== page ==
The overall mortgage debt in the Netherlands amounted to nearly 670 billion euro at the end of 2011. At 111 percent of the gross domestic product, it is the highest mortgage debt in the eurozone. On the other hand, the value of all own homes is twice the amount of the this debt. Moreover, households can lay claim to savings and pension entitlements that by far exceed the mortgage debt.
Mortgage debt, house value, savings and pension entitlements, 31 December 2011
In 2011, total long-term borrowing by households was 3.8 times the amount in 1996. The value of the stock of own homes was 3.2 times as high. At the end of 2011, the value of own homes (including land) was nearly 1.4 trillion euro. In spite of the recent fall in house prices, the total value of dwellings is still more than twice as high as the total mortgage debt. For many individual households, however, the value of their home is less than the mortgage they have taken out on it.
House and land value of households
Large savings amounts counter to mortgage debt
Opposite the mortgage debt, households also have a lot of money in savings. In some cases, this money is reserved for repayment at the end of the term of the mortgage loan. These ‘endowment mortgages’ do not exist in countries where mortgage interest is not tax deductible. As a result, the relative mortgage debt is smaller in these countries, but there is no corresponding savings deposit, a fact that is often not taken into account in international comparisons of mortgage debts.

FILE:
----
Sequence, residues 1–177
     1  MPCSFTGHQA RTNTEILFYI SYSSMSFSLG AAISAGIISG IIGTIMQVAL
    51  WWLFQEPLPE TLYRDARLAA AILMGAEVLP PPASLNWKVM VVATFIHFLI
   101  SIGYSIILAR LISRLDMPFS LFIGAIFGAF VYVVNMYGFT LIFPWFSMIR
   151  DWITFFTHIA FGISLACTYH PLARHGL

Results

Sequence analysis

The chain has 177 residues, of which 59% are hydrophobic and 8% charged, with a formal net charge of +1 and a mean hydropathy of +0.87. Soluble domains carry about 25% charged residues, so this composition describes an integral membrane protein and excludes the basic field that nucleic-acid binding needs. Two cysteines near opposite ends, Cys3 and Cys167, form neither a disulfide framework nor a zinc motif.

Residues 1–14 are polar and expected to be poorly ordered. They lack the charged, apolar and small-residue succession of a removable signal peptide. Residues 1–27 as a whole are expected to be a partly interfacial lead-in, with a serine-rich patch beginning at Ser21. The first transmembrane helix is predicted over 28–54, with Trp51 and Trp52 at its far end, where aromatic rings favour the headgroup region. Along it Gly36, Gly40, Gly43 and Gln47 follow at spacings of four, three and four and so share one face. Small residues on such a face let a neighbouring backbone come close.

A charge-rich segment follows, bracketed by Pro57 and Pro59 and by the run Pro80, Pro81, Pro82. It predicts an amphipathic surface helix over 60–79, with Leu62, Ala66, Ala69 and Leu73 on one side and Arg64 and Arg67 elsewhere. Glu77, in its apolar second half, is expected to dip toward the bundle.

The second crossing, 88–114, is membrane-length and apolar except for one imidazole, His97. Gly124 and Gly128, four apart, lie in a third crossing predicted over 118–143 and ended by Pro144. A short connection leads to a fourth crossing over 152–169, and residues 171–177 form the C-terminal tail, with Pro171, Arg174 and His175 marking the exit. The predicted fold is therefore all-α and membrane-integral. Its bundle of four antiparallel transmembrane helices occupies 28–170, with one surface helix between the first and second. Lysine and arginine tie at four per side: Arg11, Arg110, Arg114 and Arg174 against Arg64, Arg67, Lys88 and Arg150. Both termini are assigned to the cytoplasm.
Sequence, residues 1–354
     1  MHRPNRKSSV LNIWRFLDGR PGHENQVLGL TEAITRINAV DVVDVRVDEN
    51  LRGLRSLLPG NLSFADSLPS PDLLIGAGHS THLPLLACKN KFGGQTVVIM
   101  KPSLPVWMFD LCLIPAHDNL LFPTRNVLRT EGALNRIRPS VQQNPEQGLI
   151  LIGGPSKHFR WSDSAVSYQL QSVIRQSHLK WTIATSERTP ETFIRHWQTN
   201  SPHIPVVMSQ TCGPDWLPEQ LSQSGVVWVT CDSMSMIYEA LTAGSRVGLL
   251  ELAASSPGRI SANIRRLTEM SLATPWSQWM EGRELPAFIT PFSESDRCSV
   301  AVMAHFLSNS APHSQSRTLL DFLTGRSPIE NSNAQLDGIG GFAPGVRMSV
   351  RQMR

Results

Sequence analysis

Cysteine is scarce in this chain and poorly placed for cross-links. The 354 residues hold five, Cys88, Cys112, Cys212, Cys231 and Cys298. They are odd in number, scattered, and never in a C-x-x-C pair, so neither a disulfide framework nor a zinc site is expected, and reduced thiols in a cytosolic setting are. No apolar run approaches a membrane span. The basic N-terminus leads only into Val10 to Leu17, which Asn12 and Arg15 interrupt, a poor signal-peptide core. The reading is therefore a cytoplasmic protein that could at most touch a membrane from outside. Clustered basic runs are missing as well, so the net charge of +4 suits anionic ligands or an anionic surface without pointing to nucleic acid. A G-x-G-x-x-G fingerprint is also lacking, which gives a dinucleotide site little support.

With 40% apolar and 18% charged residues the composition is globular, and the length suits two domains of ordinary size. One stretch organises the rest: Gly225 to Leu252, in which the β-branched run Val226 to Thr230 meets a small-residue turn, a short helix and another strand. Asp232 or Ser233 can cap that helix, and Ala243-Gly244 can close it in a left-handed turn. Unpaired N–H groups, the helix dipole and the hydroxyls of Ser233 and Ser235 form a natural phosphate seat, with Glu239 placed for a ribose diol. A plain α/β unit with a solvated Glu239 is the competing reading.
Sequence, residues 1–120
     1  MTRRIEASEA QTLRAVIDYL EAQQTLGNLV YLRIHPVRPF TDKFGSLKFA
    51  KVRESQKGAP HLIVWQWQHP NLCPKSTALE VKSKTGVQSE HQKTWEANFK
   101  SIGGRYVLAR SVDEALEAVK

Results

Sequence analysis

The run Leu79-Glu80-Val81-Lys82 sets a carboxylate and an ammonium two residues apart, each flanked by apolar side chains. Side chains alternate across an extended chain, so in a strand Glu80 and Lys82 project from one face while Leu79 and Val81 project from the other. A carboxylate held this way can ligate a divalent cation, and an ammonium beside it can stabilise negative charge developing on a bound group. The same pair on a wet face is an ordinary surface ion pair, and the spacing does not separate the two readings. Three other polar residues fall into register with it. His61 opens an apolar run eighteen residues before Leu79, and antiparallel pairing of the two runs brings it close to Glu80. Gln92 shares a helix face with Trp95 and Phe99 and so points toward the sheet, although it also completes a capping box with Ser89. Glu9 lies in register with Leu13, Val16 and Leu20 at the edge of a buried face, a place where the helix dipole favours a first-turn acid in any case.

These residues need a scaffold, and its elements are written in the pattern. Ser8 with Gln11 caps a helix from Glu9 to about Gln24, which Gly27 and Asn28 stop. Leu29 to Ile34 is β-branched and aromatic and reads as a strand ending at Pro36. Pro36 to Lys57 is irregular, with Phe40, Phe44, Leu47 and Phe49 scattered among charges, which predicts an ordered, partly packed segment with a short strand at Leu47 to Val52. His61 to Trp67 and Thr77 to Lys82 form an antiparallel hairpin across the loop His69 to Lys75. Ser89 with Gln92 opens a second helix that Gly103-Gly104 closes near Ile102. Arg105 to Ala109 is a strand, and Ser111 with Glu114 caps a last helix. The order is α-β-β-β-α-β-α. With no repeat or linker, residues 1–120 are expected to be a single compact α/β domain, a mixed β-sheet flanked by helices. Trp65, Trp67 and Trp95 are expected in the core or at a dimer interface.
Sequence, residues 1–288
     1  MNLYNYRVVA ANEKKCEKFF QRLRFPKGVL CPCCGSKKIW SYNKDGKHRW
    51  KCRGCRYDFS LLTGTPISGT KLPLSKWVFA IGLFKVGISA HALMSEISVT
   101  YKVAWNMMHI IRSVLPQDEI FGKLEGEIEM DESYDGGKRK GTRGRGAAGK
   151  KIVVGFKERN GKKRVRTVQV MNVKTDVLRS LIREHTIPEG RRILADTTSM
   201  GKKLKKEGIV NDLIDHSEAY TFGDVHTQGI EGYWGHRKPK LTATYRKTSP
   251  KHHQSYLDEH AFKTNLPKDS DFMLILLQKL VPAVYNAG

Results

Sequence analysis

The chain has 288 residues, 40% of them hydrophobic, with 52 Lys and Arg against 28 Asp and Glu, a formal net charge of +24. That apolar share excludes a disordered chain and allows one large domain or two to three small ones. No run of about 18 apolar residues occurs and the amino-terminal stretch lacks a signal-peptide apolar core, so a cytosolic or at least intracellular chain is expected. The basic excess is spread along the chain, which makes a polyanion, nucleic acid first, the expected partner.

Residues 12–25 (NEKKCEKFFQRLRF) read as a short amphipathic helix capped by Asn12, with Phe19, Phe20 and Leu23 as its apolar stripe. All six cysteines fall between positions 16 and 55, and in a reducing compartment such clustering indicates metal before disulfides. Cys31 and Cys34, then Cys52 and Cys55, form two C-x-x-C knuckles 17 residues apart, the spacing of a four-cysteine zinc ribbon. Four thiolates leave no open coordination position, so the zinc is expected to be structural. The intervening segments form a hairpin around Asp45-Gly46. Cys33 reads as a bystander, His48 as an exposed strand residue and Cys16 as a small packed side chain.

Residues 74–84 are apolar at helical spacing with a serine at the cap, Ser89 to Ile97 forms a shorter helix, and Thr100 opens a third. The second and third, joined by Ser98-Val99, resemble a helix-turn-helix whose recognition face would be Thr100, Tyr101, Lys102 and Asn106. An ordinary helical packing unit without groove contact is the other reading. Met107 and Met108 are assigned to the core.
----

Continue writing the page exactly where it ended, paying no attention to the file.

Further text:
The total balance of savings and other deposits of Dutch households (there are no separate figures for endowment deposits) equalled 332 billion euro at the end of 2011. This is nearly half of the total mortgage debt. Savings balances have been rising at a relatively faster rate than the mortgage debt since 2008.
Substantial pension reserves
In addition to payments into savings and other deposits, Dutch households have also saved relatively large amounts for their pensions. At the end of 2011, the total pension nest egg amounted to 1,140 billion euro, nearly twice the amount of the mortgage debt. Although many other countries have a smaller total mortgage debt, they also have smaller pension reserves. Obviously, this does not eliminate the mortgage debt, as this money is reserved for pensioners and future pensioners, regardless of their debt situation. But it does qualify the positions of Dutch households in terms of their wealth. And coverage ratios are still lower than advisable.
Pension reserves in Europe, 2010